Saturday, April 30, 2016

Retreat Retrospective

A week ago, I'd have been about to head to Richmond for the women's retreat put together by the women of my mom's church, St. Stephen Lutheran Church in Williamsburg, Virginia.  We went to Richmond Hill, a retreat center in urban Richmond, in a gentrifying neighborhood (or perhaps already gentrified).  Above the door is a reminder of one of the missions of Richmond Hill:




The retreat center is 2 or 3 buildings:  a historic house, a historic church and school, and parts of the building which look newer.





And of course, there are lovely gardens--someone has designed amazing creations in what is actually a very small space for walking gardens.





There's an amazing labyrinth:




I love the old church/chapel, where the community gathers 3 times a day to pray for Richmond and for a variety of other people and places:










The chapel has a wall of historic stained glass windows:




The meeting room, contained in the historic house part of the center, had windows on three sides; it was a great space where we gathered throughout the retreat to discuss parables, to experience contemplative movement, and to make cards that will be sent to parishioners throughout the year.




Along the hallway to the main meeting room were smaller spaces.  Here I am facilitating a workshop on spiritual journaling:



Here's a different meeting room:




My mom used the word "austere" to describe the rooms, which are simple with single use community bathrooms down the hall.  The rooms were spacious and the beds comfortable.   We remade the beds when we were done, and we prayed for the next retreatents as we prepared the room.




The retreat center has 10-16 people who live at the center full-time and take care of it.  The community has elements of a monastic order, although they are not vowed to place and they do not require a lifetime commitment.  There are small apartments for them tucked into various spaces throughout the center.  And there are common spaces; below is the lounge just outside the dining area:




Along the way, we were reminded of the overriding purpose of the retreat center:



And thus renewed, we headed back into the world, to be the light, the salt, the yeast, the city on a hill.



Friday, April 29, 2016

George Eliot on Living a Good Life

A month ago, I'd have been finishing Middlemarch, a reading experience which took much of the month of March.

I first read Middlemarch long ago, in grad school, as a young woman, just 24 years old.  It was the last novel in our Victorian novel class, so I read it just after Thanksgiving, in a mad rush to get to the end.  I appreciated many things about it, but I most appreciated being a female in the 20th century, when I wouldn't have to marry to be able to fulfill my destiny.

Of course, I read it as a woman who had just gotten married 15 months earlier, but I saw that as a choice.  And I was sure that I would have a wonderful career, because after all, I was in grad school, in full control of my destiny.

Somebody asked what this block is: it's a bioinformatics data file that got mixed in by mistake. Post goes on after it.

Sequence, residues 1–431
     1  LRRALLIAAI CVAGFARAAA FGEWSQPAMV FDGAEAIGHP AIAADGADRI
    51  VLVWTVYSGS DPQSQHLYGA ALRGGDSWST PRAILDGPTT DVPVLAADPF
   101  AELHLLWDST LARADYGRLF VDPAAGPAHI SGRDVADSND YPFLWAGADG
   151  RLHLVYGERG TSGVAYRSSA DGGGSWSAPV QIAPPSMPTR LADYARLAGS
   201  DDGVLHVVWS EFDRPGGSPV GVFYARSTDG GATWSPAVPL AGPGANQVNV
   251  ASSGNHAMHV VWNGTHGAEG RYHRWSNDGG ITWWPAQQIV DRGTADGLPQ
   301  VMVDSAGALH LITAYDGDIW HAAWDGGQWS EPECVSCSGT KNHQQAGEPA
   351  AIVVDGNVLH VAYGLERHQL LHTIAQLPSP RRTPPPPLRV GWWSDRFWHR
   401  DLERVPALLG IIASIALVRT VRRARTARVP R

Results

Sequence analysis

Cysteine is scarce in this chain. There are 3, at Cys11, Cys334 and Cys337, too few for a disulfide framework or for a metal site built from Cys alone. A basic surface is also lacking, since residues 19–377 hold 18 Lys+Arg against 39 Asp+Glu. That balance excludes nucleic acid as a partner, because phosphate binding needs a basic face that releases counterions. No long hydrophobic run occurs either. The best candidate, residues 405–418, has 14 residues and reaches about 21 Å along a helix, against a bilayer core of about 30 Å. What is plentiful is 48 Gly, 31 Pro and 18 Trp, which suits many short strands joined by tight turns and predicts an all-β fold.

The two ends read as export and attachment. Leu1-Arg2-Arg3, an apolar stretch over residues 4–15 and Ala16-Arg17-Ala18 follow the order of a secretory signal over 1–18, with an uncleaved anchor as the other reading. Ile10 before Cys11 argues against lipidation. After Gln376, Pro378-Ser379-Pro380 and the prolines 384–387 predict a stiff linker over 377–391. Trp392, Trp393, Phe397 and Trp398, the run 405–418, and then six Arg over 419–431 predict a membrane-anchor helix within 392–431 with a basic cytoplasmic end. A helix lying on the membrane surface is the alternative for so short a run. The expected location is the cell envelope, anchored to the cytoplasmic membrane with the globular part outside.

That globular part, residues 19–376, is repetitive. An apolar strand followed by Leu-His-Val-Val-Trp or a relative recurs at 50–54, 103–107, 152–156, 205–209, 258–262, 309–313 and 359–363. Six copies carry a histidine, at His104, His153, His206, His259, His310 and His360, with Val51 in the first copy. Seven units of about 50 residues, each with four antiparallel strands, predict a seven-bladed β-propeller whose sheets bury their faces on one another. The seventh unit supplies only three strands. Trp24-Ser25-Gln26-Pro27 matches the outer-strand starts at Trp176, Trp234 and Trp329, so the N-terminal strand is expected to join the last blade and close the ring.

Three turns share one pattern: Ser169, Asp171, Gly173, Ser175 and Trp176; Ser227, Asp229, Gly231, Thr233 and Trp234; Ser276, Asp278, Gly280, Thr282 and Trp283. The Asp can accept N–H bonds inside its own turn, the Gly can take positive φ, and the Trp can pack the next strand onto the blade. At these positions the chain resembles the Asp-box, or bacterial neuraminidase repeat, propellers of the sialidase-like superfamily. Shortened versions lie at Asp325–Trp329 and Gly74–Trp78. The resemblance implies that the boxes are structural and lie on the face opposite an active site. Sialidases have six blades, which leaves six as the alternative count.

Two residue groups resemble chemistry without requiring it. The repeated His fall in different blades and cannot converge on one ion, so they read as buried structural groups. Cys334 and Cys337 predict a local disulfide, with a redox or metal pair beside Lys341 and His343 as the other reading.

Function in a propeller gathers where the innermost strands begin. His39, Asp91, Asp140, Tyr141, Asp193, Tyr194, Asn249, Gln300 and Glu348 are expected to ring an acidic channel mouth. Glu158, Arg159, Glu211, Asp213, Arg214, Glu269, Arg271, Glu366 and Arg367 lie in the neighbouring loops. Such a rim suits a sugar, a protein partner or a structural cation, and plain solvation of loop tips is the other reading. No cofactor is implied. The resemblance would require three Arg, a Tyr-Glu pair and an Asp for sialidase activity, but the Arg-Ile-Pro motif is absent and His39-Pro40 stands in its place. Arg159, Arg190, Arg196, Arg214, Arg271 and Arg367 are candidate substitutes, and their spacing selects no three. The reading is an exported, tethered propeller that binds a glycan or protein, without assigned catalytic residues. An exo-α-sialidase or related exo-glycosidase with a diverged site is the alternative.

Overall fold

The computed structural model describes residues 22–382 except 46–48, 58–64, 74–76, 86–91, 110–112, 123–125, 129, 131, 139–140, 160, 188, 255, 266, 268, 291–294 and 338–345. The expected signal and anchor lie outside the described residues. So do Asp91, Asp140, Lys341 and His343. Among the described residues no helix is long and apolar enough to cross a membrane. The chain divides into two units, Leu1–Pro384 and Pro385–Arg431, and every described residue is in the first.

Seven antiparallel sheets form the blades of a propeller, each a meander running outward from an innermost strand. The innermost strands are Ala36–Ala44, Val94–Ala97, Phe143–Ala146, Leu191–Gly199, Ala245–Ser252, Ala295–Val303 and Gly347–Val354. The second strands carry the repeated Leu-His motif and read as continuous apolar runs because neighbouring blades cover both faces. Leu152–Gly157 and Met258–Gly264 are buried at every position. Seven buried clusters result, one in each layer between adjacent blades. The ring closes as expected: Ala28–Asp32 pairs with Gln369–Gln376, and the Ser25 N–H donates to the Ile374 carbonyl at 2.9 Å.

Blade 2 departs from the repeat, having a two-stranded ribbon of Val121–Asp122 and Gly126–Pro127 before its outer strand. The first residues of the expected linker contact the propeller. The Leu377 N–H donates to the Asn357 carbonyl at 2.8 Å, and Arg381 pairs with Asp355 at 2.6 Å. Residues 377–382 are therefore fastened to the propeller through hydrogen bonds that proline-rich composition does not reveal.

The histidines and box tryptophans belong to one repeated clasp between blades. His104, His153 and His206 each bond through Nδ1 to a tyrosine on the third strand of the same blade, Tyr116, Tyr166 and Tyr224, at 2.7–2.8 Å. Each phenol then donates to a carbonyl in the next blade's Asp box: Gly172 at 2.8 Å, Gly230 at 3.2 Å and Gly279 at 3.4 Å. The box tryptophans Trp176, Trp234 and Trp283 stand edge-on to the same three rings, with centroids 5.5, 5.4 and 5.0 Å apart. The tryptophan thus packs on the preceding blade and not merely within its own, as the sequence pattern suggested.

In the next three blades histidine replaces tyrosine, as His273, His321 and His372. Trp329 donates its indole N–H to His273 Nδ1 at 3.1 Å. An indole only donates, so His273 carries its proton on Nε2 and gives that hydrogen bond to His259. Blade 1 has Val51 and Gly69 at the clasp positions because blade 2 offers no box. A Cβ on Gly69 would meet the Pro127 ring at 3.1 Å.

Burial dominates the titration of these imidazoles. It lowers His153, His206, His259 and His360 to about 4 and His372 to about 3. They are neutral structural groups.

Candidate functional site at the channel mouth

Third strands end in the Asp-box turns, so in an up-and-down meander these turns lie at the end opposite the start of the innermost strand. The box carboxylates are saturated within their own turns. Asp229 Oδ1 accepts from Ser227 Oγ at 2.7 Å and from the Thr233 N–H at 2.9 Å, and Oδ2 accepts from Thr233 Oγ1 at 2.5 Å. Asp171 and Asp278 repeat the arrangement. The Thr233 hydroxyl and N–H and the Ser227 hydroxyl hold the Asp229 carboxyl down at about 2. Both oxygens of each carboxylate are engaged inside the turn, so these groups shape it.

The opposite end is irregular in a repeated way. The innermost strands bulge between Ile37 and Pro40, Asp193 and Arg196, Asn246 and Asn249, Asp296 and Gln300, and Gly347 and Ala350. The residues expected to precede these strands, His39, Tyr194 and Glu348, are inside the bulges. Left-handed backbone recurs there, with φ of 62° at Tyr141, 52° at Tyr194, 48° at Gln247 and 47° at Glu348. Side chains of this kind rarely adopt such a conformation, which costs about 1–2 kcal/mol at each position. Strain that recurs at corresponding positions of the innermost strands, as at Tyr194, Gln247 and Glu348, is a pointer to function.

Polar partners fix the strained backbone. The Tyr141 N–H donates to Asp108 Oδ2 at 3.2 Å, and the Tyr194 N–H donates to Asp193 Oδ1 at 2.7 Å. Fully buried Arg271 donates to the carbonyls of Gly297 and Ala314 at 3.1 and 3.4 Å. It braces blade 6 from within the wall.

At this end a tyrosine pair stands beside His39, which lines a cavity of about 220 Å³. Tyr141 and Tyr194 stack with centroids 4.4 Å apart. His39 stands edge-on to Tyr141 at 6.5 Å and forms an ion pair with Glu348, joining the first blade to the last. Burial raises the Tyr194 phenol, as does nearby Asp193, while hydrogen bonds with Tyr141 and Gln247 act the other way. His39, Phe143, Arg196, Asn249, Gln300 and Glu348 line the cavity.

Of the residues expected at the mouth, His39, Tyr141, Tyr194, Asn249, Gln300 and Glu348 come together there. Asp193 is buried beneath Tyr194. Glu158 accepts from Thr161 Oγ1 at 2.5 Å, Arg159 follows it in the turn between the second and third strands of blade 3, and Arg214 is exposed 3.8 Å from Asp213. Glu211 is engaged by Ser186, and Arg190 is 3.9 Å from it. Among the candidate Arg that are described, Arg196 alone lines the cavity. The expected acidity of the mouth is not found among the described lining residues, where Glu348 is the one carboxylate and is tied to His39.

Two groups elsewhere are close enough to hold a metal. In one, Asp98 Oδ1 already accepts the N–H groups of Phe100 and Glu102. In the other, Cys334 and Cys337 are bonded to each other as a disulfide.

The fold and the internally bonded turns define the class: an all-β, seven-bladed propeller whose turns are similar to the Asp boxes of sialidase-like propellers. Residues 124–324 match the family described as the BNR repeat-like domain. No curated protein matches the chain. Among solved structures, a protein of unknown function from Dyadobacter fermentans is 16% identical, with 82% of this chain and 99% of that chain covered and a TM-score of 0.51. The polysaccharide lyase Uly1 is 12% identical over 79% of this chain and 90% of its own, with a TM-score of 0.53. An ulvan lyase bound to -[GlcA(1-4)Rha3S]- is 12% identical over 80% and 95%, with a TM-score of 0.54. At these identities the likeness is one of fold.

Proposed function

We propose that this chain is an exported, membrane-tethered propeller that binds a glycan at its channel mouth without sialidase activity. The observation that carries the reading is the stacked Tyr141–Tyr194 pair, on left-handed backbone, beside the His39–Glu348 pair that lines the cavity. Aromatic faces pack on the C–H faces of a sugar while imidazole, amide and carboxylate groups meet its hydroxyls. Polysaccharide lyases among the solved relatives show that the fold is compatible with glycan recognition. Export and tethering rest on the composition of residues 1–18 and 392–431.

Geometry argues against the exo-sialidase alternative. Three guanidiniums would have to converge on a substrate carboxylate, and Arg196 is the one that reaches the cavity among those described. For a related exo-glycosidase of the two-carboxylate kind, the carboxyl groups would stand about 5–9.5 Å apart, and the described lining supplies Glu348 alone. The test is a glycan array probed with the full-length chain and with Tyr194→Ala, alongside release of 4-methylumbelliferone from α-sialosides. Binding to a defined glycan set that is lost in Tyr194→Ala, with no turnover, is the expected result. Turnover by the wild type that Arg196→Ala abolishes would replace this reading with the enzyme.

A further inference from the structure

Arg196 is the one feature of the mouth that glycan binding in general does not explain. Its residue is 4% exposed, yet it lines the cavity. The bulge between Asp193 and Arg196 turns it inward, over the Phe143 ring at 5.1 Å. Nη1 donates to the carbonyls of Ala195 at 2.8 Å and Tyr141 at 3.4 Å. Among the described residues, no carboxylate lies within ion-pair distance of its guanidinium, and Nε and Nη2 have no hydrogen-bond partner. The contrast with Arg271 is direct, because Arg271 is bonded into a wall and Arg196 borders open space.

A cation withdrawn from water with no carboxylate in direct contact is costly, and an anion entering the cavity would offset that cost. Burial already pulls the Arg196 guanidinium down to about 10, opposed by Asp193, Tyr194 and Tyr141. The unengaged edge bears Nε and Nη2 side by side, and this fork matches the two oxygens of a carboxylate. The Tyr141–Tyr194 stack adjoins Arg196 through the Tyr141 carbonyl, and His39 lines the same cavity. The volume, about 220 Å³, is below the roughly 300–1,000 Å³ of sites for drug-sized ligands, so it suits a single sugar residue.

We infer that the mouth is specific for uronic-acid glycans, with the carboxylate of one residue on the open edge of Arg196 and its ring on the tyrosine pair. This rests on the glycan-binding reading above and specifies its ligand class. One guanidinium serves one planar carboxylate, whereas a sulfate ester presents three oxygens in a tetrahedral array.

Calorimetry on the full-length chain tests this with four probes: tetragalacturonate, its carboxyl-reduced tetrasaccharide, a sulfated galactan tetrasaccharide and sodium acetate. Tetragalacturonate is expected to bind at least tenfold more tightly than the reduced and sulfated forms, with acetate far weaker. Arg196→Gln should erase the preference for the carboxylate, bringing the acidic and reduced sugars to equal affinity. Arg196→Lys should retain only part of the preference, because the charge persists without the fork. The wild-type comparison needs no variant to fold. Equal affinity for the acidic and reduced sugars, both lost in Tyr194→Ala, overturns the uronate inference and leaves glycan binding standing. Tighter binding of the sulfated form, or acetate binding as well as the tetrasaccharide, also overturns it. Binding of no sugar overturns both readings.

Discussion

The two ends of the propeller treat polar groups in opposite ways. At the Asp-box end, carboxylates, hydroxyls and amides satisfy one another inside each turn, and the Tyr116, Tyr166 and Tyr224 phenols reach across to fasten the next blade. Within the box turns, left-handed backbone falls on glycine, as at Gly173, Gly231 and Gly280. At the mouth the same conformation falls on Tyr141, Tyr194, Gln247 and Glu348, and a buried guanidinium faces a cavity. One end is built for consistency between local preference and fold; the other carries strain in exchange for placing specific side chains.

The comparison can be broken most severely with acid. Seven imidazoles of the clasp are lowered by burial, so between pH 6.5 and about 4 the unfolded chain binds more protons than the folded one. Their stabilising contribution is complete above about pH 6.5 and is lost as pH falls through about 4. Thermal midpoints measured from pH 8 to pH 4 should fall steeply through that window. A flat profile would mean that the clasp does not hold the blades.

Oh, the hubris that is special to the young!

And now, here I am, having just read Middlemarch at age 50, and seeing my young self in Dorothea, although my marriage choice has been a wiser one.  Honestly, none of the marriages in the book would make me want to be married, but what else was a woman to do?

When I was young, I saw the book as an exploration of how the world stymies women.  But at this  point, I see it as an exploration of what it means to live a good life--even if we're not exactly sure what that would look like.  Early on, Dorothea leads the way. 

I first saw this glimmer early, on page 392 (chapter 39) when Dorothea explains her philosophy to Will:  "That by desiring what is perfectly good, even when we don't quite know what it is and cannot do what we would, we are part of the divine power against evil -- widening the skirts of light and making the struggle with darkness narrower."

And at the end of the book, her life is held up as a model of the good life, although it may be a surprising model, not the traditional life we hold up as one that is true and good:

"Her finely touched spirit had still its fine issues, though they were not widely visible. Her full nature, like that river of which Cyrus broke the strength, spent itself in channels which had no great name on the earth. But the effect of her being on those around her was incalculably diffusive: for the growing good of the world is partly dependent on unhistoric acts; and that things are not so ill with you and me as they might have been, is half owing to the number who lived faithfully a hidden life, and rest in unvisited tombs."

I found this ending so moving that I almost wept.  For obvious reasons, I love the idea that we can live our faithful lives, and that even our unhistoric acts can be important, even if the scope of that importance is not vast.

I am now reading Rebecca Mead's My Life in Middlemarch, a true delight, with its mix of memoir and literary analysis and history.  And I came across this essay by Francine Prose.  Here is her wisdom:

"Even as our inner children are reading to find out what happens, Eliot's taking the grown-ups on a dizzying tour past the landmarks of adulthood: the uneasy truce between ambition and limitation; how we satisfy our desires for love, excitement, and money; the compromises we make with ourselves; how hard it is to admit a costly mistake.